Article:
For example:

If a panel of judges decide the position of the ball and players have to apply judgement, skill or knowledge to match their own decision of where the ball is with that of the panel, it is more likely to be a prize competition than a lottery.

Genuine prize competitions are free from statutory control under the Gambling Act 2005… and therefore do not require a licence."

The “element of skill, knowledge or judgement” definition within spot-the-ball competitions is critical for keeping BOTB’s games unregulated.

But questions could be asked:

  • Competition winners do not necessarily require any "skill, knowledge or judgement" to actually win. How many BOTB winners would genuinely say they won due to "skill, knowledge or judgement" rather than being plain lucky?

  • If BOTB’s games require an element of "skill, knowledge or judgement", then the more skilful players should have better records than less skilful players. Does BOTB have evidence to show that is actually the case? Has anyone won more than one BOTB competition?

  • Participants can buy up to 75 tickets per BOTB competition. Would anyone apply the same level of "skill, knowledge or judgement" on their first spot-the-ball attempt as they would on their 75th? Purchasers of multiple tickets could instead adopt a simple ‘scattergun’ approach, where the element of "skill, knowledge or judgement" involved would not be obvious.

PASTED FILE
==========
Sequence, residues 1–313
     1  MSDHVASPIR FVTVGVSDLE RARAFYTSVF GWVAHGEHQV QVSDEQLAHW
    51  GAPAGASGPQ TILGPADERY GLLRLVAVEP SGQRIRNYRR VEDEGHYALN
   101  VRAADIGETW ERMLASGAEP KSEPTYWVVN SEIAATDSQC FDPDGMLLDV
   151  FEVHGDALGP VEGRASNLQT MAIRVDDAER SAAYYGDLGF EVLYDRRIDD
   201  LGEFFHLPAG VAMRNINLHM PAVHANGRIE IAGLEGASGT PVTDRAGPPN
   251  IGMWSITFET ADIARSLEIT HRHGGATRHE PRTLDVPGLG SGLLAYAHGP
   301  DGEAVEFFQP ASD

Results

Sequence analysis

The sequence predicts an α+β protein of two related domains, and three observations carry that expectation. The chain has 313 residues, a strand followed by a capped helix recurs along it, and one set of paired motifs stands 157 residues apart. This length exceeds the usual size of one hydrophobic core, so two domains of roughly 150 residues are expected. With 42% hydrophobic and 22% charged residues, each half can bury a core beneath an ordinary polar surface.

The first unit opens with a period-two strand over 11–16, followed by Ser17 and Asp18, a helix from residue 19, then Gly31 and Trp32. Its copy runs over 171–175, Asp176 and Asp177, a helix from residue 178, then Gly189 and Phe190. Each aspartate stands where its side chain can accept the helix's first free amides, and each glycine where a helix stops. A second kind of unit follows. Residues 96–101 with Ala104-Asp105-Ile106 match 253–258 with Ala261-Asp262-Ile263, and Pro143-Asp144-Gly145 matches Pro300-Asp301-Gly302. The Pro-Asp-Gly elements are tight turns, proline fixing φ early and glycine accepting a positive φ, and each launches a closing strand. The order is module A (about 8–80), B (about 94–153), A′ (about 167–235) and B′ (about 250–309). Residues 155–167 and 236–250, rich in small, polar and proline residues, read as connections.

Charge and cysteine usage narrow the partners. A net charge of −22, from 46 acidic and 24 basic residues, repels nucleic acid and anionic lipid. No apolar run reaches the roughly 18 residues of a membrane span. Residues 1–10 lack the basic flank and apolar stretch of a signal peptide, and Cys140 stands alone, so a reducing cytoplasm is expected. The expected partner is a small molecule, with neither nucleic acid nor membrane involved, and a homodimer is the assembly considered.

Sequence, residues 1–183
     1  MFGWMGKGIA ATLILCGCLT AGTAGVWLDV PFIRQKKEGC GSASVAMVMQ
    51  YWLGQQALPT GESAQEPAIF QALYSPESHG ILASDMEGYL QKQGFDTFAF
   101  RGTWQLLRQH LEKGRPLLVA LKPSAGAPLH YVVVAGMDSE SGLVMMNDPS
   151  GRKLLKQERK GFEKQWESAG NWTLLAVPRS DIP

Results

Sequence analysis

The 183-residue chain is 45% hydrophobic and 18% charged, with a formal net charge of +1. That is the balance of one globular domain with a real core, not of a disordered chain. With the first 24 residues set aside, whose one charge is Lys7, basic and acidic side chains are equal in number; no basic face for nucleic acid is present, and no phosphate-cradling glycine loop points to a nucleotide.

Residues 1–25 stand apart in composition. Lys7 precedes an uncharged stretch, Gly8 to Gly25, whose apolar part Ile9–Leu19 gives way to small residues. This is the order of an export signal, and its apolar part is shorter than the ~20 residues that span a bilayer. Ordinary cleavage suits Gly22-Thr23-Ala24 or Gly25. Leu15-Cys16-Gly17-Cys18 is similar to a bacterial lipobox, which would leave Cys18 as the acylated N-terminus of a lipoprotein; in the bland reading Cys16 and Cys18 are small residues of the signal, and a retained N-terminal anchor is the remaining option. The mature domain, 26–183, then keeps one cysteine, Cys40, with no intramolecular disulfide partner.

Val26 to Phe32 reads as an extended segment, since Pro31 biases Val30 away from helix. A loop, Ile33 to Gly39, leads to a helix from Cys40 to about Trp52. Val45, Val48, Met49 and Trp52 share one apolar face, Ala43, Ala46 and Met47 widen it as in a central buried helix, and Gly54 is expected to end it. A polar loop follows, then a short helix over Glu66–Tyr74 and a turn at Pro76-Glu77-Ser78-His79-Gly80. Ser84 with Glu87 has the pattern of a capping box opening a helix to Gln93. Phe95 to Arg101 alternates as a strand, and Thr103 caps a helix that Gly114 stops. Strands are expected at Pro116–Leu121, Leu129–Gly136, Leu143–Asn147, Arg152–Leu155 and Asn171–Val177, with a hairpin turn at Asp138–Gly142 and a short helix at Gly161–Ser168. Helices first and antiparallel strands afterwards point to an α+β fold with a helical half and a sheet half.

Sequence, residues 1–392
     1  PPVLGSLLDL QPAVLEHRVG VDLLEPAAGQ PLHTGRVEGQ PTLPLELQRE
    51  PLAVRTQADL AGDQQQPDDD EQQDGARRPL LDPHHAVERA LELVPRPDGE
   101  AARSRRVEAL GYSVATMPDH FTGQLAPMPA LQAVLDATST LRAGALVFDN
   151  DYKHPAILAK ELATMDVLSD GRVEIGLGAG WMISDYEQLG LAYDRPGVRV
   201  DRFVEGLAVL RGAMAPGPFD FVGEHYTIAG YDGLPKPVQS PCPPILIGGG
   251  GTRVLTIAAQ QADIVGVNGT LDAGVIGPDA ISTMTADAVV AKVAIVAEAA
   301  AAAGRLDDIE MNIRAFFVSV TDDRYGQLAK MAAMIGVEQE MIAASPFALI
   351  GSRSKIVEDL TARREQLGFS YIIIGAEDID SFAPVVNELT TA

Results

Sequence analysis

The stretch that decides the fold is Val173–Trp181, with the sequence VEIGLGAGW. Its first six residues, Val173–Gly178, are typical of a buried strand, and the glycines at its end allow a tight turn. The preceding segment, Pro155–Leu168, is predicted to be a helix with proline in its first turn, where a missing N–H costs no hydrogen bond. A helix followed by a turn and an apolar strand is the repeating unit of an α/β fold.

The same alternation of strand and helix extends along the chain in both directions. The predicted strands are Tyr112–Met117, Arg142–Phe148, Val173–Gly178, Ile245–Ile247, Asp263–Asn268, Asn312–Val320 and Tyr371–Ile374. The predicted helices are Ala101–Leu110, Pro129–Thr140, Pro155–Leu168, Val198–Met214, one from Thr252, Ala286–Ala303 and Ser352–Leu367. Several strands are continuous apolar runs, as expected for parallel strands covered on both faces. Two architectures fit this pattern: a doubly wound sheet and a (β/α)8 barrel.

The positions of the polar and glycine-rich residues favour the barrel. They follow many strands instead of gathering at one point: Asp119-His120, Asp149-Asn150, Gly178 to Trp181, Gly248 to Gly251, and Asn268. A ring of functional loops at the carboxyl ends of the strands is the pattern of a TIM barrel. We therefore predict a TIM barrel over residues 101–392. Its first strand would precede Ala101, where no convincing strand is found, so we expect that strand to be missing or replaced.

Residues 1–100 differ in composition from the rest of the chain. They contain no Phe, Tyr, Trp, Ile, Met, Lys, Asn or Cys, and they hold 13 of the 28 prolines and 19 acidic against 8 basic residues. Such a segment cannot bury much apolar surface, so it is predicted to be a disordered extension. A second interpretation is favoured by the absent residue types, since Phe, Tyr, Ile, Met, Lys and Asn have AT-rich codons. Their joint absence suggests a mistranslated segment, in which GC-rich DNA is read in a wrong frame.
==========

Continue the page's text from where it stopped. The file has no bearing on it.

Maybe those questions were asked in a court case involving Sportech and HMRC. This BOTB update during 2018 said:

“As a result of the outcome of the Sportech claim and the submission to HMRC, the Board also notifies shareholders that, under the guidance of its tax advisers and in order to adhere to the new tax rules governing “Spot the Ball” competitions, which are no longer subject to VAT, the Company has now registered for the payment of Remote Gaming Duty (“RGD”). The payment of RGD, as opposed to VAT will result in the payment of higher taxes and will negatively affect the Company’s operating margin.”